Explaining Divine History – Part 2

             In Part one of Explaining Divine History, one must realize there was one way of salvation.  That way of salvation was understood according to what God revealed to man at his point in history.  To Adam and Eve, God revealed the first gospel message in Genesis 3:15.  The seed of the woman would crush the seed of Satan and all rebellion would be paid for satisfying the righteousness of God.  Later, Abraham believed God would provide through His promise that a seed (child) would be born that would remove the penalty for sin.  Salvation by faith is the consistent requirement and is found only in God’s provision through Jesus Christ.  It was fully revealed and explained in the completed canon of Scripture.

            So how do you interpret that canon of Scripture to get one clear interpretation?  There is one interpretation and many applications.  In order to understand that one clear interpretation, the student of Scripture must follow a “Literal Historico-grammatical” approach to interpreting.  That means he looks at the literal or natural view of what the passage is saying. Secondly, he looks at the history surrounding the Scripture as it was written in that culture by that author to that audience.  And thirdly, he looks at the words and the arrangement of the words to get the correct interpretation.  A correct interpretation must be done from the Hebrew and Chaldean in the Old Testament and Greek from the New Testament.  Another word used to describe interpretation is “hermeneutics.” 

Why is this important?  Please note the following principles. The divinely inspired Bible must be interpreted based on a “literal historico-grammatical” approach (2 Tim. 3:16-17)

·         God means what He says and says what He means.  Any apparent problem merely needs careful study to understand God’s unity of truth so that there are no contradictions.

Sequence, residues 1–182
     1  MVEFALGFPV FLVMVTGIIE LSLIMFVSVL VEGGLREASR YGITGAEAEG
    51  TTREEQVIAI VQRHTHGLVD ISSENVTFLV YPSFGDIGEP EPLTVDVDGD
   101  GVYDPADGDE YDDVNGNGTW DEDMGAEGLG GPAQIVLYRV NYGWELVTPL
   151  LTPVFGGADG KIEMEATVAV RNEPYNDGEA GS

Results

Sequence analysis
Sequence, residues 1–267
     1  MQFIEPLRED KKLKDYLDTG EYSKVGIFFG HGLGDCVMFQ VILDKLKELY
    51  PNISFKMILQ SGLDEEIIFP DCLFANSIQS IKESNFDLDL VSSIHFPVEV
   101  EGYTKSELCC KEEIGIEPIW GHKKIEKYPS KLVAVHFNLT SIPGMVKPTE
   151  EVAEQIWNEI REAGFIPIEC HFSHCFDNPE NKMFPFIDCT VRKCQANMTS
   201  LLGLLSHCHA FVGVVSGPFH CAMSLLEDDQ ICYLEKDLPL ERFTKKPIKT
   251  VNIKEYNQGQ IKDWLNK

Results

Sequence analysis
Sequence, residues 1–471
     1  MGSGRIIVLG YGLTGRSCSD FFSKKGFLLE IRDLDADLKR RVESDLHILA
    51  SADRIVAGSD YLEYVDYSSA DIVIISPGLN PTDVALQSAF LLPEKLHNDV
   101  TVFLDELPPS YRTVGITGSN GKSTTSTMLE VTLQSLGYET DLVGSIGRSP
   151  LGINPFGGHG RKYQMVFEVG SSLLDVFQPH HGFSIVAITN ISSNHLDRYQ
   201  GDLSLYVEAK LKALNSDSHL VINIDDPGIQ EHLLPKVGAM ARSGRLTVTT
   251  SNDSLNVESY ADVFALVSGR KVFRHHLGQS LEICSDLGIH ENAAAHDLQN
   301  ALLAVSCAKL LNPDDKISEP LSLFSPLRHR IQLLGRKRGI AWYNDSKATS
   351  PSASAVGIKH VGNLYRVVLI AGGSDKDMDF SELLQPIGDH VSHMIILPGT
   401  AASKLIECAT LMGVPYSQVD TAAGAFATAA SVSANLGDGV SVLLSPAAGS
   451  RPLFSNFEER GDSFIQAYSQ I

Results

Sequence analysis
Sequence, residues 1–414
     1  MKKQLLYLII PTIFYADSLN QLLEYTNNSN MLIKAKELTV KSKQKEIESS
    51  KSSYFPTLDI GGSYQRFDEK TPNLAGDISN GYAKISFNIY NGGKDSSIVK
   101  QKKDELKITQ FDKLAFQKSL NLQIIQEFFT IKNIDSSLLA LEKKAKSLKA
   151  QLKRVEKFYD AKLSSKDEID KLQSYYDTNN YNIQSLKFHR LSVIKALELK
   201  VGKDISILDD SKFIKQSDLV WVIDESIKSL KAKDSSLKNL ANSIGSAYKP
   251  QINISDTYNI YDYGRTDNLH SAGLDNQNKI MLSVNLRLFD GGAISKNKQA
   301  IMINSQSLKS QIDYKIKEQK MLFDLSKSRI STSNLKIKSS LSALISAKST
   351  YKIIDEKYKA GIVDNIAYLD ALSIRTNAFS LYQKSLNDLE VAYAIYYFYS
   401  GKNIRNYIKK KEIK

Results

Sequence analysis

·         God speaks through different authors using their education, personality and background. You can tell by their letters that many different personalities, educational training and backgrounds were used in the writings.

·         God speaks through different forms of literature that must be interpreted based on that type of literature.

o   Narrative literature must have consistency in historical accounts.

o   Poetry must consider rules of symmetry, parallelism, creativity and contrast.

o   Epistles must be considered regarding the audience and application.

o   Eschatology must be considered related to other eschatological passages.

·         The literal interpretation is made unless the context dictates that the words or phrases are used as a metaphor or another figure of speech Dan. 9:26; Zech 6:12.

·         The Bible must be interpreted as a united whole, because it has one divine author 2 Pet. 1:20-21

·         Scripture must be interpreted to include both the Sovereign purposes of God and the free will of Man  John 3:16

            Because God is the author of Scripture, there can be no contradictions in the original manuscripts recorded by the human authors.  Those human authors were “carried along” (2 Peter. 1:20-21), so that God’s complete thought toward man was recorded for man without destroying the literary style, vocabulary or background of the human authors in the original manuscripts.  Where there seems to be a contradiction, it is necessary to compare Scripture with Scripture.  Where difficult passages are found, the natural reading of Scripture is used in that genre of literature.  Too many theological systems impose their theology on the Scripture rather than taking the natural or normal reading of the Scripture.

The next installment will describe that God’s promises to Israel were not nice words, but literal promises to the nation of Israel and have yet to be fulfilled.

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